Among full-time, year-round workers, women in the U.S. are typically paid only 84 cents for every dollar paid to men. This gap in earnings translates into $9,954 less per year in median earnings, leaving women and their families shortchanged.
The loss of 16 cents on the dollar adds up over a month, a year, and a lifetime. Based on this wage gap, women would lose $398,160 over the course of a 40-year career. For Latinas compared to white, non-Hispanic men the career losses mount to $1,188,960, for Native women, the losses are $1,151,880, and for Black women the losses are $907,680. If action isn’t taken to close the wage gap, a woman just starting her career today stands to lose hundreds of thousands of dollars – or even more than $1 million depending on her race/ethnicity – over the course of her career, undercutting her ability to provide for herself and her family, as well as her retirement security.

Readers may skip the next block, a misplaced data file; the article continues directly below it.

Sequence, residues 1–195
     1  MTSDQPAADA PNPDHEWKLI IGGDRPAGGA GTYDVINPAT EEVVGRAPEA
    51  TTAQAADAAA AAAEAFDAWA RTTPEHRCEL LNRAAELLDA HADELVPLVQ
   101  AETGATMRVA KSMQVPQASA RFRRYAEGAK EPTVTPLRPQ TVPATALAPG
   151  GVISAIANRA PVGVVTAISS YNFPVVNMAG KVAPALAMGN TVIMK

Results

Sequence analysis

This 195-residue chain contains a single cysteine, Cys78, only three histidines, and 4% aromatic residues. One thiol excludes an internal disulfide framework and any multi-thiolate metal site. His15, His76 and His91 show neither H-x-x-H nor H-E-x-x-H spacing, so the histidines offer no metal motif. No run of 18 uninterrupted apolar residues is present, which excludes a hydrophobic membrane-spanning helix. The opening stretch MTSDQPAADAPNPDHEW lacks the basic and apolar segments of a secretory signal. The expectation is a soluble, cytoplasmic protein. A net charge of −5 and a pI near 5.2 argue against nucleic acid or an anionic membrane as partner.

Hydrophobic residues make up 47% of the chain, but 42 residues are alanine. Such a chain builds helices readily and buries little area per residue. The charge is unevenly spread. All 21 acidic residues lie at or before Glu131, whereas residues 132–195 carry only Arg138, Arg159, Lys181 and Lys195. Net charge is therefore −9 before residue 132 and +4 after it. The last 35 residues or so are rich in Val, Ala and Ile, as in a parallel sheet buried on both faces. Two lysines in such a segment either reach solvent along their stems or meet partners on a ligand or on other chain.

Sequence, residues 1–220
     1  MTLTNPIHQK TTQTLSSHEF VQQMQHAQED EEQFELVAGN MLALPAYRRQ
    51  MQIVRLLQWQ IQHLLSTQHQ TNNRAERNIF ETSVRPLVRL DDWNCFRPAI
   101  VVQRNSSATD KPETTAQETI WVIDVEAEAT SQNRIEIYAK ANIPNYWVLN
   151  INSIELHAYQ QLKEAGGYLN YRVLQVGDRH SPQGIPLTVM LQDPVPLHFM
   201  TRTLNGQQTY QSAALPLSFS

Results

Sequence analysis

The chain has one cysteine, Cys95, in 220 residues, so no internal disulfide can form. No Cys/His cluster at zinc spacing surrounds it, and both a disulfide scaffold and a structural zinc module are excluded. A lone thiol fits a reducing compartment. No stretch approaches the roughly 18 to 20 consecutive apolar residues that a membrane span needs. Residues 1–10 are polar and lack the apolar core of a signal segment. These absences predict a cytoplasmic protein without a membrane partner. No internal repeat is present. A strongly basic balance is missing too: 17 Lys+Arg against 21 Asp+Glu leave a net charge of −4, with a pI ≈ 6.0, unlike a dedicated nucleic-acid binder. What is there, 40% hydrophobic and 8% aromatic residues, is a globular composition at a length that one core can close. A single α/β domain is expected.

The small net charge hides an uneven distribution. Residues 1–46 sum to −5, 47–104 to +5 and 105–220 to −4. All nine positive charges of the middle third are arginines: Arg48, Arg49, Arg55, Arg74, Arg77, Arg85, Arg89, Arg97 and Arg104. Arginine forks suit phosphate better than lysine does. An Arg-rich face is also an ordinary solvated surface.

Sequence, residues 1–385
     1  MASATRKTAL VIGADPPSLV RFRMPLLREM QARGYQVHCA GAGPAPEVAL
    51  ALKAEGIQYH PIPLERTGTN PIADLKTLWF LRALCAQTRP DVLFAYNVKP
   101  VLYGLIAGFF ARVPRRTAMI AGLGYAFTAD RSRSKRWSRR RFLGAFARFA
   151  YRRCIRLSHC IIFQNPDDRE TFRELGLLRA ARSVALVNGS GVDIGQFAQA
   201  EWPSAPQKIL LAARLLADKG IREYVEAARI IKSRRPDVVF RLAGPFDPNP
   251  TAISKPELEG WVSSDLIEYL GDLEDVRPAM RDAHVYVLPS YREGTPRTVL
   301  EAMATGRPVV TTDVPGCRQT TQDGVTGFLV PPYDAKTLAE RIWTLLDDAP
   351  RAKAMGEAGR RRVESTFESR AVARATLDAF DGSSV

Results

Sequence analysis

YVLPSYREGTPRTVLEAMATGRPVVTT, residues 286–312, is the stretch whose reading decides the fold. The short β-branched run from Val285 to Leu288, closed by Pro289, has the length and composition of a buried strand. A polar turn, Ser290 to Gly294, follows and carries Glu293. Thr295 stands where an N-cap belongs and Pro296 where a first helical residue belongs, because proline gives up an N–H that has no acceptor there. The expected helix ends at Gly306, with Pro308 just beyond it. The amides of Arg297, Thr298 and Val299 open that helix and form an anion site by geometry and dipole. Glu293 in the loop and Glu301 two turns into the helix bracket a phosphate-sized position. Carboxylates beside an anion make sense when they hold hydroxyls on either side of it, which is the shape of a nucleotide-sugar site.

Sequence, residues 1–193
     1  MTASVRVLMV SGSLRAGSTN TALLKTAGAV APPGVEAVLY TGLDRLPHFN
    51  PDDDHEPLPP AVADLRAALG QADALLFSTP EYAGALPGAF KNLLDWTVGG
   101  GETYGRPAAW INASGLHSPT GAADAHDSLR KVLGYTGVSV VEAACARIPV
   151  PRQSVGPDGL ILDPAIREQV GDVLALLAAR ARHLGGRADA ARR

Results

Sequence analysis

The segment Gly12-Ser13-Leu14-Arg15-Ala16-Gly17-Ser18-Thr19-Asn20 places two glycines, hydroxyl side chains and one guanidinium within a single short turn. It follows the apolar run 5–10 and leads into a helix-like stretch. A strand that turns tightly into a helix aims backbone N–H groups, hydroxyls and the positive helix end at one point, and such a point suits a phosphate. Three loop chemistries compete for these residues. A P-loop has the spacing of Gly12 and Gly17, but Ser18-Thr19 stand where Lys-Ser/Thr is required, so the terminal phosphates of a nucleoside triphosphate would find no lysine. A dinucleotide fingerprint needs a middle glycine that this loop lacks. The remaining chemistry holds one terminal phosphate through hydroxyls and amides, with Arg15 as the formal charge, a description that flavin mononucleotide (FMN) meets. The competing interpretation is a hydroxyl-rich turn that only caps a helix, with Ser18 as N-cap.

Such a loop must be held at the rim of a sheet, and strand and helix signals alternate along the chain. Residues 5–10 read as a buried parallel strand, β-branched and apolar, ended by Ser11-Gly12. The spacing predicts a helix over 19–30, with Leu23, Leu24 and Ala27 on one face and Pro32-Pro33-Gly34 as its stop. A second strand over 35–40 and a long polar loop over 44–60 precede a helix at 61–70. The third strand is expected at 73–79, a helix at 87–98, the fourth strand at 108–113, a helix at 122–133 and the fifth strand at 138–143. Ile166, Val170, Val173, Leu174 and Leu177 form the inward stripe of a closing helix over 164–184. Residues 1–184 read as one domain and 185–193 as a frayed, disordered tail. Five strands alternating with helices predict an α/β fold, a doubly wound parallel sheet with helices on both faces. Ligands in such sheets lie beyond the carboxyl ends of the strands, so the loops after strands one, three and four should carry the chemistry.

Assuming a woman and her male counterpart begin working full time, year round at age 20, the wage gap means a woman would have to work until she is 68 to be paid what a man has been paid by age 60. This lifetime gap makes it impossible for Black, Latina, and Native women to ever catch up unless they worked full time, year round to age 80 or 90, beyond their life expectancies.